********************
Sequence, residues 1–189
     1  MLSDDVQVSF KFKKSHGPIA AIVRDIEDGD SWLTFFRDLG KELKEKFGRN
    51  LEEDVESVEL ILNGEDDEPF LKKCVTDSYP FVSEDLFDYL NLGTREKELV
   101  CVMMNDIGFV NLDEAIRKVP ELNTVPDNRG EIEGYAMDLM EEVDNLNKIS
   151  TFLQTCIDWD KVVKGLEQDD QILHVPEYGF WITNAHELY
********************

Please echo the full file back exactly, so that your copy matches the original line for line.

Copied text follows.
Sequence, residues 1–189
     1  MLSDDVQVSF KFKKSHGPIA AIVRDIEDGD SWLTFFRDLG KELKEKFGRN
    51  LEEDVESVEL ILNGEDDEPF LKKCVTDSYP FVSEDLFDYL NLGTREKELV
   101  CVMMNDIGFV NLDEAIRKVP ELNTVPDNRG EIEGYAMDLM EEVDNLNKIS
   151  TFLQTCIDWD KVVKGLEQDD QILHVPEYGF WITNAHELY